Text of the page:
3. Open up the amp and start measuring some of the voltages. I'm going to wait and get some help from my dad on this. From what I know, I should measure the plate voltage and the filament voltage. What else do I need to measure?

4. I might be able to borrow a signal generator and an oscilloscope. If I understand correctly, I can hook up a high wattage 8 ohm resistor to the amp's output, connect the signal generator to the audio input, and use the oscilloscope to view the input and output waveforms. I can measure the voltage across the resistor and can calculate the amp's power using V^2 / R. Am I on the right path here?


Audiowize, I don't think I have a low voltage AC source as you suggested. Could I use a 12VAC wallwart or similar?

Thank you everyone for helping me,

Dave
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Old 18th April 2018, 03:05 AM   #17
nigelwright7557 is offline nigelwright7557  United Kingdom
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I suspect changing output transformer and valves will give little difference in sound.
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Old 18th April 2018, 07:38 AM   #18
ArcticBrew is offline ArcticBrew  United States
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Dave,

This is the schematic I looked at for the BL-02 that was the basis of my comments. Scroll down towards the bottom of the page to find the schematic.

Single ended triode tube amp - Vinyl Engine

Steve
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Old 18th April 2018, 01:00 PM   #19
dasa2131 is offline dasa2131  United States
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Hello Steve,

Thanks for sending me that link. I enjoyed reading through that list of posts, though I must admit I didn't understand a lot of the electronic bits. I copied the picture of the schematic and will compare it to my amp.
I enjoyed hearing about your woodworking modifications to the amp - I had planned on doing the same things to mine!
I previously bought a cheap tube pre-amp buffer off Amazon and built an enclosure for it using left over flooring (Bolivian rosewood). I also machined the knobs and tube rings out of brass. The fan cover is also machined Bolivian rosewood. If you look closely at the feet, you'll see segmented rings (12 segments).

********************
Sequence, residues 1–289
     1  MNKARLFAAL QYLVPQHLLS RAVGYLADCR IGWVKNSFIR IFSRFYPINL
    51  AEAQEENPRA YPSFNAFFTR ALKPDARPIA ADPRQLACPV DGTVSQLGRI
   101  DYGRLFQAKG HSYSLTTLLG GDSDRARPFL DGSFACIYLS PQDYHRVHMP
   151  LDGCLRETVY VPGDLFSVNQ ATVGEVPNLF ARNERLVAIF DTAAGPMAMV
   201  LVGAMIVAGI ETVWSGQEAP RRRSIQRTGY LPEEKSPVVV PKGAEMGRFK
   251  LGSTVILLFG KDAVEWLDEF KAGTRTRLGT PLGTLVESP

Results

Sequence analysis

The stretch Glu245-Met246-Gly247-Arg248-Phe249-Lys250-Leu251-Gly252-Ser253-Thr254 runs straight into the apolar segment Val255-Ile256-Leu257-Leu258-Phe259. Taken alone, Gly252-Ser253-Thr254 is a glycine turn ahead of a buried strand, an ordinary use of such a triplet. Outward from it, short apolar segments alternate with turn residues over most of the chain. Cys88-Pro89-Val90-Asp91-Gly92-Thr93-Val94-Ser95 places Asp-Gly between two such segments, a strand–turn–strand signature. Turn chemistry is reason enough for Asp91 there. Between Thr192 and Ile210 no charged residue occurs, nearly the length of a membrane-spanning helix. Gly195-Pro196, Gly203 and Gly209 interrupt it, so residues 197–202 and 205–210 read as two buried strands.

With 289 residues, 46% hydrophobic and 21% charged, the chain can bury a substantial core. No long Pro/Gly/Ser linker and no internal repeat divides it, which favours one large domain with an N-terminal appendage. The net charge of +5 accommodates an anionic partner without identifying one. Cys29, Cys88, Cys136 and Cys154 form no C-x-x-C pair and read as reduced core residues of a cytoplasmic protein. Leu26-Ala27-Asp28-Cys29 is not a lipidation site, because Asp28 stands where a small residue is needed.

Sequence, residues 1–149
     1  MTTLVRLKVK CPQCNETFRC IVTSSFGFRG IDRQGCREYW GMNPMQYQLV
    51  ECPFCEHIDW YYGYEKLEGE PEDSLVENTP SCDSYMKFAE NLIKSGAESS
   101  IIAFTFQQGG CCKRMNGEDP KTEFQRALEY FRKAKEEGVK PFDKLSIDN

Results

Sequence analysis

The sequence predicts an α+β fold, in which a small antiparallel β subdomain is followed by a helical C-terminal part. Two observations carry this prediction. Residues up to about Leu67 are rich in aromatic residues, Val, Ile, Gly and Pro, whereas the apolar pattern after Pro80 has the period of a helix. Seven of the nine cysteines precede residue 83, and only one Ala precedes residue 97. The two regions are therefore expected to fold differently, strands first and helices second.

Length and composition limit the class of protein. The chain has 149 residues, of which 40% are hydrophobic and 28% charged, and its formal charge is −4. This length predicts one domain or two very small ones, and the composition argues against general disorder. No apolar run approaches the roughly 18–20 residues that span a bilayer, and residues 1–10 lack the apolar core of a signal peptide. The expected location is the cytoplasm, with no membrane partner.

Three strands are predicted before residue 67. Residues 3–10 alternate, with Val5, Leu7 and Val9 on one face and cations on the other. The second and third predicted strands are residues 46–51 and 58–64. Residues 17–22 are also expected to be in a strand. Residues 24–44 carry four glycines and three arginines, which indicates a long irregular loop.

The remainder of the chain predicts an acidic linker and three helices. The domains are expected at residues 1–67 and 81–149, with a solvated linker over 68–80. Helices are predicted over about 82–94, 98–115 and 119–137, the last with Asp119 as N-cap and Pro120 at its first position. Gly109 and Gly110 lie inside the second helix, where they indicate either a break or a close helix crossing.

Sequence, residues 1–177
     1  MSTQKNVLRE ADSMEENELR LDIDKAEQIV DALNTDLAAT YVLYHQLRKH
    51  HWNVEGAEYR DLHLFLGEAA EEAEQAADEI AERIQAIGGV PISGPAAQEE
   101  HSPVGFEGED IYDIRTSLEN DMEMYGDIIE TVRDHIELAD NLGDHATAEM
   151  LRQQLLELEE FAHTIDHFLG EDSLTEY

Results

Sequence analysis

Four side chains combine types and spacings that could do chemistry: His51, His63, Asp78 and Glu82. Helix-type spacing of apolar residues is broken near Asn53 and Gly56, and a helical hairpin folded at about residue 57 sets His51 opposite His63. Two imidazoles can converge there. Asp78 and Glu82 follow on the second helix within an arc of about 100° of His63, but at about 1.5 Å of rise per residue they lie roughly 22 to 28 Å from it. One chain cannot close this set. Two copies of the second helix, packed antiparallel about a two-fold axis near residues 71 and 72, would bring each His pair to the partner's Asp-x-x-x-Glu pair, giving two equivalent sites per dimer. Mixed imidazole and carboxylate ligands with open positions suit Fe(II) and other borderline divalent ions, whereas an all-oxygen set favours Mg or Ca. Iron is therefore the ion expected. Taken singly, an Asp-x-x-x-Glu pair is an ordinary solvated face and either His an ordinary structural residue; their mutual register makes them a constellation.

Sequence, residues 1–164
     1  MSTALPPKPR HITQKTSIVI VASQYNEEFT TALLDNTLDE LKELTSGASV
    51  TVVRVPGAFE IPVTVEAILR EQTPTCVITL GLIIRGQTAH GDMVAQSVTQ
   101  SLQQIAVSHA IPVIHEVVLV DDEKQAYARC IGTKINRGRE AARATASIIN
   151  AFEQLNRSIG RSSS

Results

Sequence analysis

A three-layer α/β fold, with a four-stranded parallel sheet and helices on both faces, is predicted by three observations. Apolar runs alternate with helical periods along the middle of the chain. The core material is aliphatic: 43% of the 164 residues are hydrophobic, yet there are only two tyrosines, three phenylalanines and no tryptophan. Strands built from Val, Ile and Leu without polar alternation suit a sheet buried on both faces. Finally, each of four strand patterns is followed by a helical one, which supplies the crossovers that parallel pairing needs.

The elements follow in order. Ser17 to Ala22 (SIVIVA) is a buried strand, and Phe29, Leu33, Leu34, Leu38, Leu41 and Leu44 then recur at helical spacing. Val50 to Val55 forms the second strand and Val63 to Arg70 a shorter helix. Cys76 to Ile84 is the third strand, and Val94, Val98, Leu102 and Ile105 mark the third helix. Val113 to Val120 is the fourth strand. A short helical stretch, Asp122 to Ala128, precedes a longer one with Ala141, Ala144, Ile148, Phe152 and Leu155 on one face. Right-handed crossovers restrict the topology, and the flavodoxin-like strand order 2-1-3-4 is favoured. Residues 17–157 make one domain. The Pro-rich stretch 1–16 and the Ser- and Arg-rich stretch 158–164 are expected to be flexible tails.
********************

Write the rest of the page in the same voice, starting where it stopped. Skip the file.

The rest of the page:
Regards,
Dave
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Old 18th April 2018, 04:10 PM   #20
audiowize is offline audiowize  United States
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Quote:
Originally Posted by dasa2131 View Post

3. Open up the amp and start measuring some of the voltages. I'm going to wait and get some help from my dad on this. From what I know, I should measure the plate voltage and the filament voltage. What else do I need to measure?
Plate, grid, and cathode voltages on the output tubes.

Quote:
Originally Posted by dasa2131 View Post
I can hook up a high wattage 8 ohm resistor to the amp's output, connect the signal generator to the audio input, and use the oscilloscope to view the input and output waveforms. I can measure the voltage across the resistor and can calculate the amp's power using V^2 / R. Am I on the right path here?
Sorta. Without knowing how much distortion the amp is putting out, you may end up seeing power at 20-50% THD. Generally when you just see the wave starting to flatten out on the top or bottom, that's a decent enough estimate of power.

Quote:
Originally Posted by dasa2131 View Post
Audiowize, I don't think I have a low voltage AC source as you suggested. Could I use a 12VAC wallwart or similar?
Yes, a 12V AC wallwart will work. Put the wall wart across the primary side (wires that connect to the power supply and tubes), then measure the two AC voltages.